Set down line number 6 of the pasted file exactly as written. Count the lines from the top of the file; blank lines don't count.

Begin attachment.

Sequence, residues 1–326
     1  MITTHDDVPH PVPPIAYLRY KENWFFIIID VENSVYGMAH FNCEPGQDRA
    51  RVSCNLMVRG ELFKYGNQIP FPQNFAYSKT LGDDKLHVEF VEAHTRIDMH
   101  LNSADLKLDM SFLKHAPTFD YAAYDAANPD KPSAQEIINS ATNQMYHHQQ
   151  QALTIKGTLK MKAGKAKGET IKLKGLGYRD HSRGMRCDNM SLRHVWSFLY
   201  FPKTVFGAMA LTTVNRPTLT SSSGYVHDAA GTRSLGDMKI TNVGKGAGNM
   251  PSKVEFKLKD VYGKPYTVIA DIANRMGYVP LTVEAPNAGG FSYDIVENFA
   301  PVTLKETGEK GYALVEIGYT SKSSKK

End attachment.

   201  FPKTVFGAMA LTTVNRPTLT SSSGYVHDAA GTRSLGDMKI TNVGKGAGNM